Gray Days in Austin

I've been 25 for a little more than a week now. We celebrated with what has become a tradition among my friends: an outing to Green Forest, a Brazilian-style churrascaria where generous portions of meat are served rodizio-style at the table. It was also Kristin's birthday so we had a decent crowd in total. Dom even brought a bottle of cachaça for freshly-made caipirinhas; Green Forest went BYOB but they still have the know-how and supplies to make Brazil's national drink as long as the customers supply their own alcohol.

The day after stuffing myself with delicious food I hopped on a couple of planes and landed in Austin, Texas. This was my second trip to Austin and my first one for pleasure; I went down on "business" in 2002 to help run a high school trivia championship with the then-nascent Livestat at the University of Texas. This time I flew down to finally meet Alli, a woman who I've known for at least seven years going back to our IRC days on DALnet.

On Thursday, February 17, it was nearly 60 degrees in Pittsburgh -- an amazingly warm day considering Punxuatawney Phil predicted "six more weeks of winter" on Groundhog Day. I left Pittsburgh two days later and arrived in Austin where the high temperature was 43. The weather while in Austin was eerily Pittsburgh-like: gray, cold, rainy, and with no end in sight. (The temps shot back up the day after I left.) Fortunately Austin provides a great many options to stay indoors. I visited the "Disneyland Whole Foods," the largest Whole Foods Market in the world at more than 250,000 square feet. We took in an IMAX presentation of Roving Mars at the Texas State History Museum and headed to one of the famous Alamo Drafthouse Cinemas to take in a night showing of Good Night and Good Luck. (Beer and munchies at a movie theater, served during the movie! Amazing!)

Austin's a city that is to Texas what Atlanta is to Georgia: the city is filled with cosmopolitan residents who openly buck the trends of the otherwise-conservative state where they apparently live. BookPeople, a local independent bookstore chain, proudly offers "Keep Austin Weird" stickers and memorabilia. The Austin music scene offers plenty of punk and jazz music; you have to scan through the radio dial a bit more than you'd expect to find a country station. Yet in true Texas style, the city is built outward much more than it is upward. With plenty of flat land available and roads perpetually being expanded, Austin has tons of gated housing developments and big-box stores in areas so sparsely populated they're practically suburbs. I naïvely asked Alli about restaurants and shops within walking distance of her home. In Providence last month this was a given and in Boston you can walk anywhere, but in Austin you've got to gas up and hit the roads to get anywhere.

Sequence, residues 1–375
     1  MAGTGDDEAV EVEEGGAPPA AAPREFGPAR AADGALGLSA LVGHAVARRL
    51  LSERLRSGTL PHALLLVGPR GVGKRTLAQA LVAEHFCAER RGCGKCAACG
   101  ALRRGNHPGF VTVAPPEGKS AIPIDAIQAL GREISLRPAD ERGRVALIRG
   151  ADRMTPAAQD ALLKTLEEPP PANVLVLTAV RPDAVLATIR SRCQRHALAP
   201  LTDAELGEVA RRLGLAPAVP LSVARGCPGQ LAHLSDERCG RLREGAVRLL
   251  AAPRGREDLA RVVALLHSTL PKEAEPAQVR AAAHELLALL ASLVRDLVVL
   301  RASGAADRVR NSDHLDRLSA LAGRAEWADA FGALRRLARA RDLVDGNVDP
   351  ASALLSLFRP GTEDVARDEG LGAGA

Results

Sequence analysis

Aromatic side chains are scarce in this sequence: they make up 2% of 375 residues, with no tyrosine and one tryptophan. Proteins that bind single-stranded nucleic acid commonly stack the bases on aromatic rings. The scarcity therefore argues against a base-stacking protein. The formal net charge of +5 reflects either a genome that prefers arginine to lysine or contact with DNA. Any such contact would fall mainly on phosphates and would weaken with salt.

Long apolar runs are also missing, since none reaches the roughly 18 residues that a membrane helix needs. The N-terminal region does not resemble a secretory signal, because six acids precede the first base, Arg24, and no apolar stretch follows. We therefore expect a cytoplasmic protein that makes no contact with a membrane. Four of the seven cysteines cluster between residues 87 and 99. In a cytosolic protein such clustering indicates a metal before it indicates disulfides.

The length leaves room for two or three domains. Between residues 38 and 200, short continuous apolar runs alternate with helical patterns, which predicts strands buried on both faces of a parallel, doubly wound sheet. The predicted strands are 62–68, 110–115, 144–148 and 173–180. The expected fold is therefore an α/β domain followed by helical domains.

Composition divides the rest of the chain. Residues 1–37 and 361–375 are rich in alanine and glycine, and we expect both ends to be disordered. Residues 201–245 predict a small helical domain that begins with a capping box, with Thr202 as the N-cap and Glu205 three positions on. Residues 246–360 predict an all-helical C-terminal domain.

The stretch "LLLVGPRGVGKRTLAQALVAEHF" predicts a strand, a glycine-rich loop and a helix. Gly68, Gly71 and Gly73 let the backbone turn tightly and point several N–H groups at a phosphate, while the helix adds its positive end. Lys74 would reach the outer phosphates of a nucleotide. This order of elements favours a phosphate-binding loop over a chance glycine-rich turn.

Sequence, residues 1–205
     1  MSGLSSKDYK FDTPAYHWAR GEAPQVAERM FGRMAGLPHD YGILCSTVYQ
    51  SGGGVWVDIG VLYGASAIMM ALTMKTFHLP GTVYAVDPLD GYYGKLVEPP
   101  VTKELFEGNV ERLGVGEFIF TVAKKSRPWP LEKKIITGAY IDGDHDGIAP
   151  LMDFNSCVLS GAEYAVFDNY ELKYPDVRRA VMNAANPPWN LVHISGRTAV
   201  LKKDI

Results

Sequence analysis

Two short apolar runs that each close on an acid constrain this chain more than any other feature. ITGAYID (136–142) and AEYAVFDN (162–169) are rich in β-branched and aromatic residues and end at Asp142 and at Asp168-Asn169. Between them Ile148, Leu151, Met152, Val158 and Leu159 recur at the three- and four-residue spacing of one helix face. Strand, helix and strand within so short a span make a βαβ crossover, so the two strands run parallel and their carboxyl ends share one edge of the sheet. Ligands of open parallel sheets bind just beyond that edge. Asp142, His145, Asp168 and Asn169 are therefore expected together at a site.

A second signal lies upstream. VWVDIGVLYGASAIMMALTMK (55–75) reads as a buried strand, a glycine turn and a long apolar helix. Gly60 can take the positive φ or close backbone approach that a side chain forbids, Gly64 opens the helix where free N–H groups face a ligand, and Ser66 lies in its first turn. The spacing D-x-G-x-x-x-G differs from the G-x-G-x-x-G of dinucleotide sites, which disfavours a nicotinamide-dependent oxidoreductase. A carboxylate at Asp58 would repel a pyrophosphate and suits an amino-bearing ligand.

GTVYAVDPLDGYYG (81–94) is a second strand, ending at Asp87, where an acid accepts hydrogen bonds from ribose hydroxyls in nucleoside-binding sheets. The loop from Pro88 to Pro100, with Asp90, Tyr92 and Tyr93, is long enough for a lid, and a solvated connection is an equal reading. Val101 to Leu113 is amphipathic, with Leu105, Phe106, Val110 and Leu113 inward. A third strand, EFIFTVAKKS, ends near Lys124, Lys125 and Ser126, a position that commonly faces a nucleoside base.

Fortunately there's one thing that hasn't been neglected amidst this development spree: connectivity. Thanks to Dell, based in neighboring Round Rock, and many other technology giants, the city of Austin is absolutely blanketed with wireless Internet access. After leaving the IMAX theater we sought out a place to get dinner but didn't have an address. I took my laptop out expecting to run MacStumbler as we drove around cruising for open access points. Before leaving the parking space we were already on a municipal network. I left the laptop open with a map to our destination and on the way we picked up a dozen networks driving upwards of 50 miles per hour on wide service roads. It's no wonder the city was named one of the five most "Wi-Fi friendly American cities" right up there with Portland, Atlanta, San Francisco, and Seattle.

Now I'm back in somewhat wintry Pittsburgh, enjoying the closing weekend of the Olympics. With no plans for this weekend, maybe I'll actually tune out for a while and read.